In both assessments, IQWiG found no added benefit with Xultrophy as the company presented no studies in its dossier that were suitable to investigate the added benefit of Xultrophy in comparison with the active comparator treatment (ACT). In particular, there was a lack of direct randomized, controlled comparison to the ACT arm and the ACT arms lacked a meaningful escalation for their insulin therapy.
Case #2: Afrezza
Afrezza, an inhaled insulin technology, also experienced significant regulatory and reimbursement challenges. The device was designed to overcome many of the issues that limited the success of the first inhaled insulin product, Exubera. However, as a combination drug-device, Afrezza has faced its own unique challenges and current market access and reimbursement is limited to the US. Even with access in the US, payers have restricted reimbursement and have required providers complete prior authorizations, which include extensive respiratory testing that is not required for injectable insulin products. To overcome this barrier, the manufacturer has developed a spirometry loan program for prescribers to conduct the testing. This example highlights the unique clinical testing requirements and challenges that can arise for the reimbursement and access of drug-device combination technologies.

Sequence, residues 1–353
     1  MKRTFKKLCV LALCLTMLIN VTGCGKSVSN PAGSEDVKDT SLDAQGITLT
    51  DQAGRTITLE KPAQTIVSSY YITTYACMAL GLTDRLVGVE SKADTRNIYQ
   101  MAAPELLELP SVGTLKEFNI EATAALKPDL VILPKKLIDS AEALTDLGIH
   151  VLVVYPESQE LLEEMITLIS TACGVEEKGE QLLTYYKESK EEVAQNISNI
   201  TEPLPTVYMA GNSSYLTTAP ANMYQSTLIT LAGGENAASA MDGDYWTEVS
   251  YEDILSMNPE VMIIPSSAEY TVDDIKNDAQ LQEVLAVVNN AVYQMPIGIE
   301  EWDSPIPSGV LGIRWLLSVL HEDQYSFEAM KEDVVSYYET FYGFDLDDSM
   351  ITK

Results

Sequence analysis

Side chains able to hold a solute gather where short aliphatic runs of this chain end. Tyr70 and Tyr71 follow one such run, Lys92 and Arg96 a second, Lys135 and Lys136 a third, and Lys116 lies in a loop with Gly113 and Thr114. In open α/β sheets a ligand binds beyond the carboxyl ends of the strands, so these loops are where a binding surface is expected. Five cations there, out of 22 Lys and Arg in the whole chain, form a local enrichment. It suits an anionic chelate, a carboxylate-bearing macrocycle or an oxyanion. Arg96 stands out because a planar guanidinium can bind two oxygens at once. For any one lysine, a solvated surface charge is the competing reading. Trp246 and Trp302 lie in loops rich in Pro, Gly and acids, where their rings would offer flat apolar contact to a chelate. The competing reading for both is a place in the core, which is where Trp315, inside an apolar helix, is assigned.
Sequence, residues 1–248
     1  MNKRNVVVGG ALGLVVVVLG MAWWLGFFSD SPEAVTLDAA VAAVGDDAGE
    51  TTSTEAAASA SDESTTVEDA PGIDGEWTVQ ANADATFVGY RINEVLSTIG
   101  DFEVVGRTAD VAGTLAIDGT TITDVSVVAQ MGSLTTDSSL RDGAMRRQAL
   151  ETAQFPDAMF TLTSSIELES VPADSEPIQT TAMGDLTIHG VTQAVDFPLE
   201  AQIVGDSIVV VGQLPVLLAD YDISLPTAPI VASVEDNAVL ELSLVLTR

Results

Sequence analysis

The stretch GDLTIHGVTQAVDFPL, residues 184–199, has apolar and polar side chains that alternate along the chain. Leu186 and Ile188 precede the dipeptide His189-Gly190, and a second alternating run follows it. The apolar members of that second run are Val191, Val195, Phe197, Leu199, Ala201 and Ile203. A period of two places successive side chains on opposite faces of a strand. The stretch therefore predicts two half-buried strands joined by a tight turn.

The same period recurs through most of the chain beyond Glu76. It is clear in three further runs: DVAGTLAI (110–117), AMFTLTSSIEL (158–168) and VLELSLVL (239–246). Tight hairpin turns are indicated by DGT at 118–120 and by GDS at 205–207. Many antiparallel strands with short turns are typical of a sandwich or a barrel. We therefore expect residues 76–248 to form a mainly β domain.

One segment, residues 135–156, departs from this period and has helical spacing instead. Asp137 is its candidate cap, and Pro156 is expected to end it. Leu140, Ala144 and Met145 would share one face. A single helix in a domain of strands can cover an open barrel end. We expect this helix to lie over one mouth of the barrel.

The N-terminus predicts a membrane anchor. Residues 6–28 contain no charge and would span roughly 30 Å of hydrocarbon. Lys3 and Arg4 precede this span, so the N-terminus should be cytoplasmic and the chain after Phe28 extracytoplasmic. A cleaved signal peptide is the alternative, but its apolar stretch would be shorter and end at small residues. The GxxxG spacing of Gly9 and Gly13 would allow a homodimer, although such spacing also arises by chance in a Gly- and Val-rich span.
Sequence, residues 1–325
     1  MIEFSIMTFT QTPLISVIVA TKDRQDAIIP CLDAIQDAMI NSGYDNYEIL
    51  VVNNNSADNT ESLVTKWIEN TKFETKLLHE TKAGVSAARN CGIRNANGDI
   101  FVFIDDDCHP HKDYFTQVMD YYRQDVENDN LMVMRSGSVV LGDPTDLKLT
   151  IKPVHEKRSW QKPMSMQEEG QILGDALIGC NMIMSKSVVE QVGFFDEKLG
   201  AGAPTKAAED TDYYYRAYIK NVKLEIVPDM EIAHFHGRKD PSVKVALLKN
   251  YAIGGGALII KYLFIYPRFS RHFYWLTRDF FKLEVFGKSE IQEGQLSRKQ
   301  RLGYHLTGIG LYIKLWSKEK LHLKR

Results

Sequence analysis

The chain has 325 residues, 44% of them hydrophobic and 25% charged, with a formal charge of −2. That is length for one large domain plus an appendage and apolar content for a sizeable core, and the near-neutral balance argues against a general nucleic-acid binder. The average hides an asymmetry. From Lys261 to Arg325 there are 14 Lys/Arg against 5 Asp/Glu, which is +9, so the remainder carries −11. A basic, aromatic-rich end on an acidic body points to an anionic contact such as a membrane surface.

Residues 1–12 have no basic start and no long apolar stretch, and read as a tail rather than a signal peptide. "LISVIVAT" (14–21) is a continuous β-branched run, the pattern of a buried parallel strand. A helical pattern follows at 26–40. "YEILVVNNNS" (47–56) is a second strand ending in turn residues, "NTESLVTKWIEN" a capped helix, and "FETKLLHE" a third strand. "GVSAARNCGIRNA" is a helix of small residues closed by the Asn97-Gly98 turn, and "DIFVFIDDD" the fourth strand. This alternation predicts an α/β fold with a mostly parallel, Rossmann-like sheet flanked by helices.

As exemplified by these case examples, drug manufacturers bringing a drug-device (and, increasingly, diagnostic) combination product to market need to develop solutions to address these key issues that do not typically arise while developing the market access strategy for a drug alone:
Because diabetes is primarily a chronic disorder that manifests itself over years, there are numerous opportunities for drug manufacturers and device makers to develop products that incrementally improve the lives of patients who suffer with diabetes. HTA organizations will face daunting challenges in the evaluation of new technologies, and particularly drug-device (and diagnostic) combination products, which have become more technologically advanced and complex. Given the numerous technologies available for diabetes treatment, defining the appropriate place in therapy may be more difficult for authorities.
The existing gaps in regulations between drugs and devices have become more apparent as the line between drugs, devices, and diagnostics in diabetes has blurred when considering regulatory approval or access/reimbursement. Recent HTA decisions and reimbursement restrictions highlight the challenges manufacturers face in demonstrating the value of novel technologies in a crowded therapeutic area. While drug-device combinations have the potential to improve patient adherence and outcomes, the devices can also introduce new obstacles and reimbursement restrictions (as seen with Afrezza). Ultimately, manufacturers of diabetes drugs, devices, and drug-device (and diagnostic) combination products need to have an effective evidence generation strategy to obtain and retain access for their products.